628 posts in News

Feb 8, 2019 / News / Jessica Farmer

UW Botanic Gardens weather impacts Friday, Feb. 8 – Sun., Feb. 10

UW Botanic Gardens facilities will be closed beginning at 12:30pm on Friday, February 8, and continuing through Sunday, February 10. Our facilities and programs are being impacted by anticipated inclement weather. Please check back on our Facebook and Twitter pages for updates going into next week.
Washington Park Arboretum impacts:
The Graham Visitors Center will be closed starting at 12:30pm Fri., Feb. 

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Early Flowering Rhododendrons at the Washington Park Arboretum

Selected cuttings from the Washington Park Arboretum, January 21, 2019 - February 3, 2019

1)  Rhododendron arboretum hybrid

This Rhododendron, located in the Joseph A. Witt Winter Garden, dutifully produces its blooms of bright rose in the dark of winter.
The UW Botanic Gardens’ database has records of it blooming in December, January, and February.

2)  Rhododendron floribundum

Native to the southern central area of China, and was first described by Adrien René Franchet.
Franchet was a French botanist who was noted for his extensive work describing the flora of China and Japan, based on the collections made by French Catholic missionaries in China – Armand David, Pierre Jean Marie Delavay, Paul Guillaume Farges, Jean-André Soulié, and others. 

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Jan 24, 2019 / Center for Urban Horticulture, Students, Union Bay Natural Area, Horticulture, News / Jon Backus, Union Bay Natural Area Research Assistant

Volunteers Give Back on MLK Day of Service 2019 at the Union Bay Natural Area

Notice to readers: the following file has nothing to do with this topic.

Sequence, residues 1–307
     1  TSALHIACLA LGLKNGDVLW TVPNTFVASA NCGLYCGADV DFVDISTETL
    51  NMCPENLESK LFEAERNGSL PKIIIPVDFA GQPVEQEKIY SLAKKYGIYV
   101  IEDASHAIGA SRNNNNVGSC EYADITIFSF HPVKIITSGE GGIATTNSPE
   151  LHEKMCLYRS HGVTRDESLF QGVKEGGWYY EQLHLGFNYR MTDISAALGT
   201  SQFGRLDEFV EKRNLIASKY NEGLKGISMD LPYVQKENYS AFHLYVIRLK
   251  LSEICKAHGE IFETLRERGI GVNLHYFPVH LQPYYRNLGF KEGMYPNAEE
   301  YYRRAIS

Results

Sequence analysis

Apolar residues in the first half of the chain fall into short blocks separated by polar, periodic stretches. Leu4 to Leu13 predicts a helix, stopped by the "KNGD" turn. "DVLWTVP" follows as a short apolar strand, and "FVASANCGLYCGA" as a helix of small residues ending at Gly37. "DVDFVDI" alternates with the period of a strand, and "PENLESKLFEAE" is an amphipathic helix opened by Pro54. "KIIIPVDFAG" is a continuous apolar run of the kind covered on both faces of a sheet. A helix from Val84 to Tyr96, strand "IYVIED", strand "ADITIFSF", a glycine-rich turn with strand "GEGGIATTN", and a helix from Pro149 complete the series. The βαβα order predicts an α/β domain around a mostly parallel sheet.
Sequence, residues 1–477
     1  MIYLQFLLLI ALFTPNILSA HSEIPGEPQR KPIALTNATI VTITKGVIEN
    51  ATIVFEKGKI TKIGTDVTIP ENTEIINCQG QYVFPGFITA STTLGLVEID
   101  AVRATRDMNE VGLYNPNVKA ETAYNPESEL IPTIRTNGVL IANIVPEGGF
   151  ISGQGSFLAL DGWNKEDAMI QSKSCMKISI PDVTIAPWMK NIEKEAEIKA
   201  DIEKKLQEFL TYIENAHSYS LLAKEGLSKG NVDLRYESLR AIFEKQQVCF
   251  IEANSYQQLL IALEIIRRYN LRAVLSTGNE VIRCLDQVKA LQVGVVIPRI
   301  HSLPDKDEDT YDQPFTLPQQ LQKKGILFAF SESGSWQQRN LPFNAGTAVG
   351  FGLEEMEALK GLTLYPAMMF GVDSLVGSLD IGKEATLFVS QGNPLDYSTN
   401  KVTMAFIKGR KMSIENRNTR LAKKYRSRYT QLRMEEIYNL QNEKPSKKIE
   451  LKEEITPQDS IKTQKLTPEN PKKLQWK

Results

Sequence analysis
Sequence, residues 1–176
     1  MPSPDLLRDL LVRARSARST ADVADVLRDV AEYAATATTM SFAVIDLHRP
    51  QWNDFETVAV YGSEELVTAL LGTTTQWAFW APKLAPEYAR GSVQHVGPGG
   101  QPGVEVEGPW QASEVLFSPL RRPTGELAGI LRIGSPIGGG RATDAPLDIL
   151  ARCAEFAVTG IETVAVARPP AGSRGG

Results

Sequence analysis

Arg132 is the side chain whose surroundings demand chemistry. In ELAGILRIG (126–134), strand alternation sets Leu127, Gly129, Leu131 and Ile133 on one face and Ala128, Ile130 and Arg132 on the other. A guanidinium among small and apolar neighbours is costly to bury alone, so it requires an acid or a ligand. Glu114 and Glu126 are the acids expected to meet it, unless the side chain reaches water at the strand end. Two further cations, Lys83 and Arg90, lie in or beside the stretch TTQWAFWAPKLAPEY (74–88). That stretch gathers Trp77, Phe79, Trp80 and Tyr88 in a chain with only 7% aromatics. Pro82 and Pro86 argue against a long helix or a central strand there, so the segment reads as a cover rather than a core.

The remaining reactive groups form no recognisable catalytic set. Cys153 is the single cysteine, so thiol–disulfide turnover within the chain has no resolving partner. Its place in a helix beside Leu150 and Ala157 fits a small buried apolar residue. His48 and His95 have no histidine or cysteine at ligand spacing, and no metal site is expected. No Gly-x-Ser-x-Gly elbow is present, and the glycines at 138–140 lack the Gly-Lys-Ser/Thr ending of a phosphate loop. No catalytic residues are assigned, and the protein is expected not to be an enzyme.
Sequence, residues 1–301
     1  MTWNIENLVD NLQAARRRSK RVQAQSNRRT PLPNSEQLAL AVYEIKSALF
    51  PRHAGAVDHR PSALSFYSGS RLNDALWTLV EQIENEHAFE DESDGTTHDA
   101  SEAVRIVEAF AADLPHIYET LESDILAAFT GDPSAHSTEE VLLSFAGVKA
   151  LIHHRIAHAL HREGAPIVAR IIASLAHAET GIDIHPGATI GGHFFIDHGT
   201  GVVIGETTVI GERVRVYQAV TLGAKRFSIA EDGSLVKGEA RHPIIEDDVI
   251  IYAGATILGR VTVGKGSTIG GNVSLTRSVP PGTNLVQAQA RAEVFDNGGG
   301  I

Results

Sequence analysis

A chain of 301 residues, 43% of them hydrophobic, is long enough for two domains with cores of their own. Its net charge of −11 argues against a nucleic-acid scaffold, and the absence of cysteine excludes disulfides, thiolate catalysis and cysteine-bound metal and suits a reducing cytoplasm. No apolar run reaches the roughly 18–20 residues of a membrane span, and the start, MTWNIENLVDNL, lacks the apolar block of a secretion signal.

Volunteers helping out in the Union Bay Natural Area, 2019 MLK Day of Service

“The time is always right to do what is right.” – Martin Luther King Jr.
While championing civil rights, Martin Luther King Jr. was also a strong advocate for environmental justice. In honor of MLK Day of Service 2019, over 30 dedicated volunteers came ready to work to help restore valuable habitat for wildlife in the Union Bay Natural Area (UBNA) at the Center for Urban Horticulture. 

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Jan 11, 2019 / Personal Profiles, News / UWBG Communication Staff

Staff Spotlight: Brian Thompson

Brian Thompson’s interest in gardening started at an early age when his parents gave him a dozen gladiolus corms for his seventh birthday.  As they grew and bloomed, he began to record the varying plant heights, size and number of florets, and the impact of the environmental factors, such as his brother’s lawnmower, on their success.  As other plants, bulbs, and seeds were added to that early garden, an almost equal fascination took hold with the accompanying data logs, site maps, and charts one could prepare.  

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Selected Cuttings from the Witt Winter Garden at the Washington Park Arboretum

Selected cuttings from the Witt Winter Garden at the Washington Park Arboretum (December 31, 2018 - January 13, 2019)

1)   Chimonanthus praecox                          Wintersweet

The light yellow flowers are debatably the sweetest of the Witt Winter Garden.